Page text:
“It is astonishing but true,” he said, “that if I could attach a small tag to each of the atoms of my body and travel with them backward in time, I would find that these atoms originated In particular stars in the sky. These very atoms.”

So then, the words of Robert Terry Weston’s meditation are literally true: “Out of the stars in their flight, Out of the dust of eternity, here have we come.” We are not adrift in a cold meaningless world: we are home in the place of our origin, connected via the atoms in our very bones to all things.

Once we get done imagining ourselves as somehow special, creatures given a unique destiny from some supernatural hand, we can tune into a truth that is far more profound: that we are a manifestation of an amazingly creative, endlessly evolving universe, creatures of inherent worth whose being, whose destiny is tied up with that of all things.

And so, looking out on the night sky we get a ring-side seat on all of this, knowing that the fires we see burning in distant stars are of a kind with the fires driving the cellular machinery of our bodies. And that’s not all. The fires that drive us impel us to survive, and not just survive but to continue beyond our three score and ten, not us as individuals, but us as carriers of life, creating and nurturing future generations.

For, we see that along with all the gases and such of the Big Bang there was born a tendency toward connectedness. It didn’t have to be there but somehow it emerged, and having emerged it made possible the universe we know. Quarks combined into atoms, atoms into molecules, molecules of increasing complexity into life, life in its latest manifestation into humans.

And humans – we curious, fragile, inventive creatures – turn out to possess one trait that offers us hope for the future, a trait the embodies once again that tendency toward for connectedness that was born with the Big Bang – the capacity to love. “This is the wonder of time; this is the marvel of space; out of the stars swung the Earth; life upon Earth rose to love.”

And so, I do not despair on looking at the night sky. True, it is astonishing in its vastness and complexity. Like Ursula Goodenough I do not seek to take it all in or understand it fully.  In its whys and wherefores it is a mystery. And still, it fills me with awe, with gratitude and joy. To be alive, to simply be is a grace. What a wonder that out of all that is, this being that is me emerged and is present now to be part of the stream of life, capable of building on the human heritage of love.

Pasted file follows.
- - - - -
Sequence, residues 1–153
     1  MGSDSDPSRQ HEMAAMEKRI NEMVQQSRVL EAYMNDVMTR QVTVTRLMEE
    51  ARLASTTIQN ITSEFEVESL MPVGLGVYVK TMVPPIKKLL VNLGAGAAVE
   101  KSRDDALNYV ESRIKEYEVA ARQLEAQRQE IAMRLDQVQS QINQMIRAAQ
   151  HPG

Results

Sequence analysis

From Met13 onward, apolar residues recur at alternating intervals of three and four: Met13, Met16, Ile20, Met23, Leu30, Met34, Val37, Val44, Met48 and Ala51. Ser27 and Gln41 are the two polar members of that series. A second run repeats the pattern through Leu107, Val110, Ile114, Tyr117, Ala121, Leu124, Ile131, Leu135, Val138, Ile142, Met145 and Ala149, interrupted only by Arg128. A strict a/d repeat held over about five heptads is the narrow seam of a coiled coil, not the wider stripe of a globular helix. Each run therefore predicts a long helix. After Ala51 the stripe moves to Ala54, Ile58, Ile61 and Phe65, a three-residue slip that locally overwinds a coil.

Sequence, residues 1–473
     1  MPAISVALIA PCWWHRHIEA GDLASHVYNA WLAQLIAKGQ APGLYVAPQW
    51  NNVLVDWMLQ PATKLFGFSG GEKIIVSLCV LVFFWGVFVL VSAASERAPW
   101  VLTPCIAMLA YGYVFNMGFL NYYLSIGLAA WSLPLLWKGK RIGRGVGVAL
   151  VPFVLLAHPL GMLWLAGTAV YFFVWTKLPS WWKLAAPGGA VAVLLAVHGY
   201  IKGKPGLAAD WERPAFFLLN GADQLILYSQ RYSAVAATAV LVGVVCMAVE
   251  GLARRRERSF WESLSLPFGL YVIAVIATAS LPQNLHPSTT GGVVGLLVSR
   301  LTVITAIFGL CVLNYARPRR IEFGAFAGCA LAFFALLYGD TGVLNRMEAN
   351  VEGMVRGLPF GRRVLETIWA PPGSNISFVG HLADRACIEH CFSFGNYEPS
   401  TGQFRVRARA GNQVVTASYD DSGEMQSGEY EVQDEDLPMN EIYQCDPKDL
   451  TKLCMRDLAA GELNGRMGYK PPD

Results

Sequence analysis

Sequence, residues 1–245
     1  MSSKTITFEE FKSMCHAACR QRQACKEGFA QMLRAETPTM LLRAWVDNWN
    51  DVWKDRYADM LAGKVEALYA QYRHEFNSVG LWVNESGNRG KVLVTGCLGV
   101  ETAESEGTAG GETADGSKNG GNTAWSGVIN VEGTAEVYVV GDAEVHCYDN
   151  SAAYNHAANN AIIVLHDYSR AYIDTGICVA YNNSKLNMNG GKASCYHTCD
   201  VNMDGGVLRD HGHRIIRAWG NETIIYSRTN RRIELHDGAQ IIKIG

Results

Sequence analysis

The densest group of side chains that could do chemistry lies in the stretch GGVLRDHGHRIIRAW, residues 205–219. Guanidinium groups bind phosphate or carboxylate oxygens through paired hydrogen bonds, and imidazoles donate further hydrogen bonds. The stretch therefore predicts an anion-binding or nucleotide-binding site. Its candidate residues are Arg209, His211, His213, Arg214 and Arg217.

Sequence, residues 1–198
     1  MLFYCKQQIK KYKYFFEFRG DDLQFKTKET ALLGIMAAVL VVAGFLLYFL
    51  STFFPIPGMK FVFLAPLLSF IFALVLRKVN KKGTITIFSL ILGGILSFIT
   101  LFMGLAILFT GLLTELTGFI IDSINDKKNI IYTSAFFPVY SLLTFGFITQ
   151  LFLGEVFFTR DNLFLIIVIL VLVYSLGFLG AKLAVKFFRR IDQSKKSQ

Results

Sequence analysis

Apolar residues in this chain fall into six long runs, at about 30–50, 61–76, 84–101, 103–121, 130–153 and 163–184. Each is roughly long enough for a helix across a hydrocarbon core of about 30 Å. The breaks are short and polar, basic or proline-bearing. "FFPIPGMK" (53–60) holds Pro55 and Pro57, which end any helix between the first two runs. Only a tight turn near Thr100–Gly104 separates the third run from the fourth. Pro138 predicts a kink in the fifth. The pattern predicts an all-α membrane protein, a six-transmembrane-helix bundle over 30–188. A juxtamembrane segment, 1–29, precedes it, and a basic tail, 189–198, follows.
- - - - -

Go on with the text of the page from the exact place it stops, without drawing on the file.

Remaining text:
I do not begrudge that in time my life will end – though I do hope that that time is a ways in the future. Instead, I am content to know that, as the poet David Ignatow wrote,

“I am of the family of the universe,” and so “in no way shall death part us.” For me, there is peace in that understanding.

“This is the marvel of life,” Robert T. Weston declares, “rising to see and to know; Out of your heart, cry wonder: Sing that we live.”

 

Poetry: A Matter of Life and Breath (no audio or text available)

Sunday, July 28, 2019, 10am
Poetry Sunday
Coordinated by Virginia Bower, Sammy Fong, Charlie Marks, and Mariana Warner
The theme for this year’s Poetry Sunday is “A Matter of Life and Breath.” Take a breather from busyness and join us. You will be welcome here, as always.

It’s About Time (audio only)

Sunday, July 21, 2019
Rev. Tobias Van Buren
Time is woven through all we are and do, but what the heck is it? How do we regard it? Are we enslaved, driven and dragged by time? Does it weigh upon us? My sermon will suggest ways to become liberated from time-bondage.
Bio: Tobias is a member of UUCA and also an ordained UU minister. He has a BA from the University of South Carolina and an M.Div. from Starr King School for the Ministry. He served congregations in Atlanta, Baton Rouge & Beverly, MA, then left ministry from 1979 to 2013 to do shrimping and crabbing and developing a clam-oyster farm in the Charleston, SC area. He also enjoys gardening and fiction writing. Tobias and his wife, Winslow Tuttle, moved here in 2018 and are active in UUCA.

Seeking Community and Civility in an Uncivil Society (audio only)

Sunday, July 14, 2019
Rev. Ed Brock, Guest Minister